In mid-May, the curtain came down on the Asia-Pacific Social Innovation Summit (APSIS) and Asia Pacific Social Innovation Partnership Award (APSIPA). The two-day jamboree of thinking outside the box, scheduled for southern Taiwan’s historic Tainan City, took into account the necessity to limit the social interaction. All events, with the exception of the market place, were switched to online form three weeks before the event. My personal thanks to the organizers, Tainan Sprouts, for a prompt realignment, as well as all of the speakers, participants and staff, for ensuring a successful event.

At the summit, the winners of the APSIPA were revealed. Submissions from Taiwan, Hong Kong, Vietnam and Cambodia won awards. The jury special prize with the subject Human-Oriented encouraged people-oriented social innovation collaboration cases to promote the physical and mental health of human beings in a new life form. This reflected the theme of the Summit: “Asia Neonormal.”

Think Playgrounds, a Vietnamese team devoted to establishing an urban playground space for adults and children, was one of the winning submissions employing unique and practical social innovation concepts. Although Vietnam has a fast-paced economy, there is a severe lack of public space suited for children’s activities. As a result, Think Playgrounds, based in Hanoi, collaborated with a variety of communities, businesses, architects and designers to turn useable areas into child-friendly venues like community parks and playgrounds.

In Vietnam, Think Playgrounds has 1,000-plus volunteers and more than 200 entertainment locations. From a consumer demand standpoint, activating idle space reaffirmed the immense value of social innovation as an agent of positive change. Given the stresses stemming from the pandemic in the last two years, there is a growing desire for public space from all corners of society. This is comparable to the inclusive playgrounds Taiwanese groups continue to push.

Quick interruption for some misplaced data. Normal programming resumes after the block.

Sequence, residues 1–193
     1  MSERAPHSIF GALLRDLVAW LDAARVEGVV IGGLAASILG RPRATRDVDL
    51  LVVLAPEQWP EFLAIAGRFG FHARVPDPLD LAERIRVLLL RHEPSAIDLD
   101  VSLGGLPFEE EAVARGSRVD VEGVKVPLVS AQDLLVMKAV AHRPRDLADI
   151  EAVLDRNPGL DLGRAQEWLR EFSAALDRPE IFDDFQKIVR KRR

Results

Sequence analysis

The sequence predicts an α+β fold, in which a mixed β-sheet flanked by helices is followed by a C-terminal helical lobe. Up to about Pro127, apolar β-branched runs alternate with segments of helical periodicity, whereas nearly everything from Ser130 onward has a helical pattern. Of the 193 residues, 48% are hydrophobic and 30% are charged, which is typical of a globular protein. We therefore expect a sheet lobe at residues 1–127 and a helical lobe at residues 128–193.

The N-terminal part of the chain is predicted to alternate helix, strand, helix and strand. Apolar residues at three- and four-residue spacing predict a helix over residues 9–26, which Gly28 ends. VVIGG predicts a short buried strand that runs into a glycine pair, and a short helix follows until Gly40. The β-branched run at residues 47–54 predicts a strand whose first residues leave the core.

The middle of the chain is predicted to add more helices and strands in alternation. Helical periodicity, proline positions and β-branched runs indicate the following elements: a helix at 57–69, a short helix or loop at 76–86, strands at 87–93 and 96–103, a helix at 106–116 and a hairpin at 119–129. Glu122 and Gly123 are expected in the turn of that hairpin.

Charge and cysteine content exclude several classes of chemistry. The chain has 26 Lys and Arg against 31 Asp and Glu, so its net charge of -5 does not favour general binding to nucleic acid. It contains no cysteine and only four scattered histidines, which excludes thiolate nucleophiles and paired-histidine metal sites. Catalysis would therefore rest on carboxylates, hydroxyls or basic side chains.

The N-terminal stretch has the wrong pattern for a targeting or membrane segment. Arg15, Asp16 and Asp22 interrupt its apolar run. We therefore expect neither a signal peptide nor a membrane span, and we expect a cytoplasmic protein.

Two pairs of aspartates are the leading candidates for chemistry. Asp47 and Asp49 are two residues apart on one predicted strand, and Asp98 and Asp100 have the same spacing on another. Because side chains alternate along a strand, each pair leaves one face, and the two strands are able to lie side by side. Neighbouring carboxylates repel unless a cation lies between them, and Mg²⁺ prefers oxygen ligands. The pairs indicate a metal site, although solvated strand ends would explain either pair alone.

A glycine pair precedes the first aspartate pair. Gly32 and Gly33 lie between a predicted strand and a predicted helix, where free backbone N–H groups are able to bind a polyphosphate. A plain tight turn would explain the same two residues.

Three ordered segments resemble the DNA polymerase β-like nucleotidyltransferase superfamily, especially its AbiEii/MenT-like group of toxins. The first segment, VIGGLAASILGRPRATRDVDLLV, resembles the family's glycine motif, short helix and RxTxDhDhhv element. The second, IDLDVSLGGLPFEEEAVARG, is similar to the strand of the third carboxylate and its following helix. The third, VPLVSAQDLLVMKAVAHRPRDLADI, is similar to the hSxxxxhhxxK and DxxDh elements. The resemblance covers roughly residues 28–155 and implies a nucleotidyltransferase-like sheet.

Another shining example of a social coordination prize is Phare, a Cambodian Circus from Cambodia. The art school is committed to cultivating local Cambodian talents, offering a diverse performing environment and career possibilities, as well as aiding socioeconomically disadvantaged children and young adults. Since establishment in 2013, Phare has served an average of 1,000 pupils each year and assisted over 10,000 families in three towns. Profits from circus shows go towards supporting the development of essential training and support initiatives.

This year’s award-winning Taiwanese applications are equally impressive. Among the winning lineup are 800 Gold, which focuses on the recovery of the mainstream region; Xusi Joint Stock Company, which targets women’s physiology; Cathay Bank, which assists social innovation organizations in obtaining loans; Tasteme, a coalition platform reducing food waste; and SERT, Taiwan’s first public welfare trust to invest in social innovation organizations. The Asia-Pacific Social Innovation Cooperation Award has long recognized the achievements of industry specialists from various international community innovation intermediary organizations. These homegrown undertakings today boast world-class status as a result of root-and-branch support for applications.

The APSIS “Cheer up Asia” will be held in northeastern Taiwan’s Yilan County next year to promote local culture and related community-based experiences. Its unashamed objective is taking Taiwanese culture to Asia and the Indo-Pacific. Individuals and groups interested in attending and applying for next year’s conference and award are strongly urged to do so. Let us stand together in cheering up Asia!